Help for falling heritage | india | Hindustan Times
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Help for falling heritage

india Updated: Aug 28, 2009 00:36 IST
Jatin Anand
Jatin Anand
Hindustan Times
Highlight Story

An integral part of the Capital’s colonial heritage is finally getting a much-needed face-lift.

After months of planning and delay attributed to logistics, renovation work finally started on the Mangi Bridge behind Red Fort on Thursday.

The Archaeological Survey of India (ASI) had issued a statement saying that it would renovate the 100-year-old bridge — though it did not fall under its jurisdiction—after Hindustan Times carried a report titled ‘Mangi bridge falls down’ on June 18.

The statement had come a day after the central arch of the century-old bridge had given way for the third time in three months.

Huge chunks of the said arch — weakened by constant brushes by trucks and other heavy motor vehicles — had fallen on the Ring Road below.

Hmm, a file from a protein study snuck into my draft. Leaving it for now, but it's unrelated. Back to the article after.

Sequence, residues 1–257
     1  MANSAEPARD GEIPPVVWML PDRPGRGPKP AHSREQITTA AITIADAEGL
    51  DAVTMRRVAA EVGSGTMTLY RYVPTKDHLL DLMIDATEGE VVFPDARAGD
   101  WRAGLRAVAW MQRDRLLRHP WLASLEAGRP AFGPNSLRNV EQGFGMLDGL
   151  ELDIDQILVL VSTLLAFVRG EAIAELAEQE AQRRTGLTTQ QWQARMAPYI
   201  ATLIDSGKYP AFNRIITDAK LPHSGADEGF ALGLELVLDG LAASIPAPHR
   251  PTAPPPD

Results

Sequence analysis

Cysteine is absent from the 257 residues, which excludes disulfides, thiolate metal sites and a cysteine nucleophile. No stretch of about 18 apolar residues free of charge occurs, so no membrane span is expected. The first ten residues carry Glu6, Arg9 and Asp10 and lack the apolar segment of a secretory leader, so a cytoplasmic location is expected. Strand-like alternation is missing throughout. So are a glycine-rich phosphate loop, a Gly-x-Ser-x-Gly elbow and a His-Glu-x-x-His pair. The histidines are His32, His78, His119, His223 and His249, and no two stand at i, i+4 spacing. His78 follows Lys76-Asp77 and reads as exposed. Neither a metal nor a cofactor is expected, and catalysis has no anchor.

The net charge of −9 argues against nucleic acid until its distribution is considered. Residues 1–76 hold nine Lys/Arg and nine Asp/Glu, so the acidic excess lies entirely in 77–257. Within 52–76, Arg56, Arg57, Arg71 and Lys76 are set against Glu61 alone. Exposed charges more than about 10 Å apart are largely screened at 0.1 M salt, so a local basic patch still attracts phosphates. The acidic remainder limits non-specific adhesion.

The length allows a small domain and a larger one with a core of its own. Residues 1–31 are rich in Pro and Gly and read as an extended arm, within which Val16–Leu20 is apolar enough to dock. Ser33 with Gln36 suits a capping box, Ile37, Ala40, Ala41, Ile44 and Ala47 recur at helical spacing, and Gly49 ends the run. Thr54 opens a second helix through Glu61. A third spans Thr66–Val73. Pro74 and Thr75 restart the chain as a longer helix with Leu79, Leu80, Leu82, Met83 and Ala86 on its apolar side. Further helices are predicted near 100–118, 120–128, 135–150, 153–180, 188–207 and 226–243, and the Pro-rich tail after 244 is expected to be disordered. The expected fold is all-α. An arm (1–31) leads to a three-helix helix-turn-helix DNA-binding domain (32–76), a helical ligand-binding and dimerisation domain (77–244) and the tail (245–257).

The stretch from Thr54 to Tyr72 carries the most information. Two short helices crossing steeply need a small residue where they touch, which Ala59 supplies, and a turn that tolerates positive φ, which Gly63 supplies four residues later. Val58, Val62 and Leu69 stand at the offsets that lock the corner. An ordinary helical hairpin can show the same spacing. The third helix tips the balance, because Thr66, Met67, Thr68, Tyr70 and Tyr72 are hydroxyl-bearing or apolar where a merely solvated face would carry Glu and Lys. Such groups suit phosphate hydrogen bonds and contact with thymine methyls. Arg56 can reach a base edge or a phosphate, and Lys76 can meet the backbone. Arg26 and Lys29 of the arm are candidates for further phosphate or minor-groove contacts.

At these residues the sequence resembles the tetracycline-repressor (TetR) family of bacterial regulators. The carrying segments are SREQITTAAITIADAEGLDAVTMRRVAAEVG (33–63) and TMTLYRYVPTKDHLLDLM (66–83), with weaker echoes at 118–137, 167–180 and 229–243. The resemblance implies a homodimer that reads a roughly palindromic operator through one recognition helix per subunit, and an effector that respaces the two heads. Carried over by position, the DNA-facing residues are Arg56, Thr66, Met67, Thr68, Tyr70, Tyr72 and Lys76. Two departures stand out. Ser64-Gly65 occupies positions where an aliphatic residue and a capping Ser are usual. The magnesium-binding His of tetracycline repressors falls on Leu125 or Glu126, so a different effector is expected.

As a result, vehicular movement on one of the busiest routes in the city was paralysed from midnight till 6 am, as two bulldozers worked to clear the rubble on a priority basis.

Considered an important symbol of the capital’s heritage, the Mangi Bridge was integral to the British rulers as a supply route.

“It was strategically located with the Red Fort on its east and the Salimgarh Fort on its west. It now serves as an indispensable railway route,” said a senior officer of the ASI who requested anonymity as he is not authorised to speak to the media.

Superintendent Engineer of the ASI, Delhi Circle, KK Muhammad said: “Since it’s an important part of the city’s heritage, ASI is the sole government agency responsible for its protection. We hope to finish the renovation work within two months.”